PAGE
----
How to antialias 2D polygons

Hello all,

I’m trying to use the 2d polygon tesselation method using Stencil buffer as described in Red Book:

I can get the correctly tesselated polygons this way. But the problem is how to make the resulted shape antialiased?
I know I could use FSAA but this is incompatible=not a good option for me.

Are there any other ways how to antialias outlines of the resulted stencil buffer mask?

Why is FSAA incomptabile=not a good option?

There are other ways to get some anti-aliasing without using FSAA, but it’s a good idea to specify why FSAA won’t work so people don’t recommend other methods that might also not work for whatever reason FSAA won’t.

One method to get some anti-aliasing is to blur the image at boundaries where you think there’s a separation between objects. You can guesstimate this using differences in depth and color, which is the defacto way I believe in current deferred rendering methods.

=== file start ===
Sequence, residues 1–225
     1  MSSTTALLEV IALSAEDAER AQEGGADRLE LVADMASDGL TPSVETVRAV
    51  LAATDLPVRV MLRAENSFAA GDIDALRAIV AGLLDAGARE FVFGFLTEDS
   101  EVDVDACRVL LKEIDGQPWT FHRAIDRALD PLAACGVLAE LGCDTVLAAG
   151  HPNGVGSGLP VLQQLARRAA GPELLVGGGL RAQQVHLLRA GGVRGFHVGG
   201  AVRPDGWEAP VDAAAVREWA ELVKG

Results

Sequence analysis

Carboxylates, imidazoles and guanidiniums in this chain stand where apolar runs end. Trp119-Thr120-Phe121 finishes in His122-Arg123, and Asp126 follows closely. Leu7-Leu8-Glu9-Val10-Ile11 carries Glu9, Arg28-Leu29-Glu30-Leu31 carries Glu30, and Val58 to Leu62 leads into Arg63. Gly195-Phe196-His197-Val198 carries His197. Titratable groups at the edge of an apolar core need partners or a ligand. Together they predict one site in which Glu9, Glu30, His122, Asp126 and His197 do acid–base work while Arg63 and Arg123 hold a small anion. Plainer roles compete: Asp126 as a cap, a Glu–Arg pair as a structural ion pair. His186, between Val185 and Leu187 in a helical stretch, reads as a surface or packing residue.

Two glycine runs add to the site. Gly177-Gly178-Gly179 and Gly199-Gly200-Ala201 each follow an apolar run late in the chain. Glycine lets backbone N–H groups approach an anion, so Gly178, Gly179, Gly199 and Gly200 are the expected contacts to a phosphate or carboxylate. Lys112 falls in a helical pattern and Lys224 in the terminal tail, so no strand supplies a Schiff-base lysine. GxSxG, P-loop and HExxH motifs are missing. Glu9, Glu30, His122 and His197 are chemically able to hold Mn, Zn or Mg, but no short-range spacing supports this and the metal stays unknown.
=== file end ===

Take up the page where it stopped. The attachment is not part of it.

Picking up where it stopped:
Stalker used a edge detection algorithm to determine which areas could be blured to get rid of some ugly jaggies.


“why FSAA won’t work”

  1. It is not supported on all gfx HW. Especially lot of notebooks don’t have the FSAA extensions etc.
  2. Even if it is supported by the HW usually it cannot be turned on/off once the display is initialized. I need that the AA mode can be controlled by the user during rendering phase.
  3. I need to antialias only parts of the result. For example smaller fonts should be aliased.

Hope this will clarify my needs.

Also I don’t want to use Shaders as not all HW can do it.

I’d prefer some solution which can be combined with the ‘tesselation using Stencil buffer’ technique described in Red Book.

I should also note that I tried to use the built-in Tesselator which is present in GLU library but the tesselator slows down too much and there is also problem how to antialias the resulted triangulated shapes only on edges and not ‘inside’ the complex shape.

I appreciate any ideas. Thanks!

Even if it is supported by the HW usually it cannot be turned on/off once the display is initialized

glEnable/Disable(GL_MULTISAMPLE). Simple. You still have the multisample buffers, but they effectively work like single-sample buffers.

Well, IMHO that’s the sweet theory. I have read that lot of GFX cards doesn’t react on this flag once the multisampling is on so it looks like yet another classic ‘messy implementation’ case.